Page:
Staff Publications

Staff Publications

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    'Staff publications' is the digital repository of Wageningen University & Research

    'Staff publications' contains references to publications authored by Wageningen University staff from 1976 onward.

    Publications authored by the staff of the Research Institutes are available from 1995 onwards.

    Full text documents are added when available. The database is updated daily and currently holds about 240,000 items, of which 72,000 in open access.

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Record number 551883
Title Effects of iron, calcium, and organic matter on phosphorus behavior in fluvo-aquic soil: farmland investigation and aging experiments
Author(s) Ma, Yuling; Ma, Jie; Peng, Hao; Weng, Liping; Chen, Yali; Li, Yongtao
Source Journal of Soils and Sediments (2019). - ISSN 1439-0108
DOI https://doi.org/10.1007/s11368-019-02354-y
Department(s) WIMEK
Soil Chemistry and Chemical Soil Quality
Publication type Refereed Article in a scientific journal
Publication year 2019
Keyword(s) Calcium carbonate - Fe mineral - Fluvo-aquic soil - Organic fertilizer - Phosphorus fractions - Phosphorus immobilization
Abstract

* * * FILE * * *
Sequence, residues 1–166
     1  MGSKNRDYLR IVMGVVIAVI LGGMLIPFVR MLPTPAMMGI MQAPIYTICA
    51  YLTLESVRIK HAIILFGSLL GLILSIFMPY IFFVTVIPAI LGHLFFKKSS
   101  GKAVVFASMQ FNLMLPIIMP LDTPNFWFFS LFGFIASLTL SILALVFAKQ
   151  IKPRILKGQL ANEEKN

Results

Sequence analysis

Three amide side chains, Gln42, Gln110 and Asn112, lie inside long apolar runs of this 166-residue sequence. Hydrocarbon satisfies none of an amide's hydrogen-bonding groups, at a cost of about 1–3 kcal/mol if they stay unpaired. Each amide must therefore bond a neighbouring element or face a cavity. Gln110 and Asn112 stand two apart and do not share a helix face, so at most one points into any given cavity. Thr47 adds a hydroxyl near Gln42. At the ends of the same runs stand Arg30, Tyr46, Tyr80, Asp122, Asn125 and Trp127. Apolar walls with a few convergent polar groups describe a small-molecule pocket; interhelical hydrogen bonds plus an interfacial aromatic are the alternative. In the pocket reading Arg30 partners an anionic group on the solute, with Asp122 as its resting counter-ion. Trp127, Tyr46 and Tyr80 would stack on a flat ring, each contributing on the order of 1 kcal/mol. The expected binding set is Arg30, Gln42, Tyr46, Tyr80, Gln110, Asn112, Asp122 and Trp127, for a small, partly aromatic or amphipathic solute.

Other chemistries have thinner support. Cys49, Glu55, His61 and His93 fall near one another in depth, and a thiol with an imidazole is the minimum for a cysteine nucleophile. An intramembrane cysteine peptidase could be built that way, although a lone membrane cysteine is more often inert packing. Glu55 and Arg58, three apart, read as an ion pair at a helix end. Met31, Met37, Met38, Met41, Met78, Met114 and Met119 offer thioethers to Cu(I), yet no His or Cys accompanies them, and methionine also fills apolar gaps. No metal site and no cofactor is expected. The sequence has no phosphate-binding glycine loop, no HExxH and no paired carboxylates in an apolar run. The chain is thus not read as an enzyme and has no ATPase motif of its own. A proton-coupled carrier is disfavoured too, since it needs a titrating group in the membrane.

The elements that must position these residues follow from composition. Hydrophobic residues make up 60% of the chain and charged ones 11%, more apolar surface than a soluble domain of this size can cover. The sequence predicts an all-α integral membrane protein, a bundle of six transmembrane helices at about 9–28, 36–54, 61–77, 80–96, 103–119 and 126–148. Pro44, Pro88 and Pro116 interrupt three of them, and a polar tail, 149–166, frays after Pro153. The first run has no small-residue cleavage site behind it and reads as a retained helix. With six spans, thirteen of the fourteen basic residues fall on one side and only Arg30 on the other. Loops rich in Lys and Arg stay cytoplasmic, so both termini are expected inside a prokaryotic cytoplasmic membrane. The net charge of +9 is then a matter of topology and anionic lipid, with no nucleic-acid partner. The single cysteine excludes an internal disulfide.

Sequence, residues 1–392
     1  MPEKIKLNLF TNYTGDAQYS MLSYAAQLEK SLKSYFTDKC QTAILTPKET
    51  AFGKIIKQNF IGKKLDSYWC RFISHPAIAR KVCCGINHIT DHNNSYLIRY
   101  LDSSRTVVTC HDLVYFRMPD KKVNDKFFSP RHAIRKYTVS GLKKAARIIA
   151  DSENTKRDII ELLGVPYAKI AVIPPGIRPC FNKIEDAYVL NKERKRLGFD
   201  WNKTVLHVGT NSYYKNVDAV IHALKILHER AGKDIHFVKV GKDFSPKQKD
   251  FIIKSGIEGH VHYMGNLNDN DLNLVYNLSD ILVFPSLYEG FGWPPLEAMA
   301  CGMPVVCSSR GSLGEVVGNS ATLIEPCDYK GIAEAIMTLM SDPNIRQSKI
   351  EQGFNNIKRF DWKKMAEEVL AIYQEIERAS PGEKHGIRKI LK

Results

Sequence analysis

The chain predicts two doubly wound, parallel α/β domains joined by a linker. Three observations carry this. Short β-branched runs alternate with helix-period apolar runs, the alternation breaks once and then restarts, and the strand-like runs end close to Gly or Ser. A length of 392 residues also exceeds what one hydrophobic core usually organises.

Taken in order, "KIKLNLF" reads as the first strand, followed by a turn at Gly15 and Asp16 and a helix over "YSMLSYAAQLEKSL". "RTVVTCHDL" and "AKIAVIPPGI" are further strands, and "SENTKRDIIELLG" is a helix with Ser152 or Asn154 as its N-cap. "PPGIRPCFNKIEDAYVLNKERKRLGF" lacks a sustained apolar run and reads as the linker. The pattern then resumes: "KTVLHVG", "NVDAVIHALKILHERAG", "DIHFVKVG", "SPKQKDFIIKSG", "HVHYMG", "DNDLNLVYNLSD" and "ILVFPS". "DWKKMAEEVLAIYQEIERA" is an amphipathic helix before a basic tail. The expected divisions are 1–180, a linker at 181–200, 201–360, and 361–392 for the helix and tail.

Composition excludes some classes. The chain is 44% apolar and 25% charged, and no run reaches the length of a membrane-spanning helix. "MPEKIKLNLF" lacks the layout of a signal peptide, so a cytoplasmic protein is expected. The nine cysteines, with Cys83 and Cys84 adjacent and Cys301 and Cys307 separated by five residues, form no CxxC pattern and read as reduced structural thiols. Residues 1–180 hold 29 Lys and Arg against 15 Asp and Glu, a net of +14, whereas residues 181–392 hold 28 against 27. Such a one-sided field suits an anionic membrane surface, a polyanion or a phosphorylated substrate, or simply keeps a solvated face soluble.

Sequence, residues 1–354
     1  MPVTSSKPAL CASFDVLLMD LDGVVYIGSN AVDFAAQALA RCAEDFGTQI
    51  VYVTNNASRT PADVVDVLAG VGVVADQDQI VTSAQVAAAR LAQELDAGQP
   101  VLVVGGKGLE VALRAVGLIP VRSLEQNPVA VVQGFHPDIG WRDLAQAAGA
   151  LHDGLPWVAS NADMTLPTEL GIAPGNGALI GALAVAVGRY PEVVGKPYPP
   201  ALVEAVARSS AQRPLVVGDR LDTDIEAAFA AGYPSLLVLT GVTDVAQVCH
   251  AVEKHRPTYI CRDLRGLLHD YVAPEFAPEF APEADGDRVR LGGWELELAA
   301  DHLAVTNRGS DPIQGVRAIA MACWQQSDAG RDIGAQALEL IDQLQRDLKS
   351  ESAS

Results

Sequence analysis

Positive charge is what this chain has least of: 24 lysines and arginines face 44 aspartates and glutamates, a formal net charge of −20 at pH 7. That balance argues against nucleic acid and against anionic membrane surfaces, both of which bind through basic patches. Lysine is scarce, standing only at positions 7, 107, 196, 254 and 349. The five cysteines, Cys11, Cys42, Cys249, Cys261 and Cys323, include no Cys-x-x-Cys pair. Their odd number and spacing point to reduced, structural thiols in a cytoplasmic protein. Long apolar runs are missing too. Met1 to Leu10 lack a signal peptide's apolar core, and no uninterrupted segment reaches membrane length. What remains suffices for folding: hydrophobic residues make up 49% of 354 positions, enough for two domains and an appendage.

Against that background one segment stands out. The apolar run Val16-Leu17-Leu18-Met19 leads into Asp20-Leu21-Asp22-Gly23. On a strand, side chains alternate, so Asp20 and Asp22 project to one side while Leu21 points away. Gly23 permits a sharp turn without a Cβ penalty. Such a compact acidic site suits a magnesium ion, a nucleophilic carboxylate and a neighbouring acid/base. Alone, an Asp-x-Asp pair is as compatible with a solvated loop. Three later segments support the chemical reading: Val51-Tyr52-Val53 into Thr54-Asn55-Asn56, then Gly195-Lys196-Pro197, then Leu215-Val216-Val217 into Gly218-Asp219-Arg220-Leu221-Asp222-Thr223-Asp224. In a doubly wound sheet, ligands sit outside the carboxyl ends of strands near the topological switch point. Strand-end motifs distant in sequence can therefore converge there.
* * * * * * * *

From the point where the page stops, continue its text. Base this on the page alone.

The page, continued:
Purpose: Excessive fertilization has led to a high risk of phosphorus (P) leaching and related problems in the North China Plain, where the most typical cropland soil is fluvo-aquic soil. The main factors controlling environmental P behavior and the acting time sequence of these factors in soil after long-term P fertilizer application have not been well recognized. A clear understanding is essential for effective P management. Materials and methods: Effects of Fe minerals, calcium carbonate, and organic matter (OM) on P immobilization in fluvo-aquic soil were studied systematically through farmland investigation and aging experiments. Results and discussion: Phosphorus associated with Ca was the primary fraction in fluvo-aquic soil. Even though there was no significant correlation between the total contents of P and Ca in soils, formation of P-Ca phases facilitated by Ca2+ in soil solution was a mechanism of P retention when soil received excess P fertilizer. Positive correlations between the contents of P and Fe and total organic carbon (TOC) indicate that Fe minerals and OM have significant effects on P immobilization. Through the aging experiments, P was found to primarily adsorb on goethite and gradually forms Ca-P compounds. Organic fertilizer caused P release and inhibition of P adsorption in the initial stages; however, OM derived from organic fertilizer might facilitate P immobilization in the long term through the formation of a P-Ca-OM complex. Conclusions: Although superfluous application of P fertilizers leads to the gradual formation of Ca-P in fluvo-aquic soils, there is still a risk of P loss because P is not immediately adsorbed by Fe minerals. Moreover, application of organic fertilizers increases the risk of P loss. These results provide an important scientific basis for initiating P management policies for fluvo-aquic soils.

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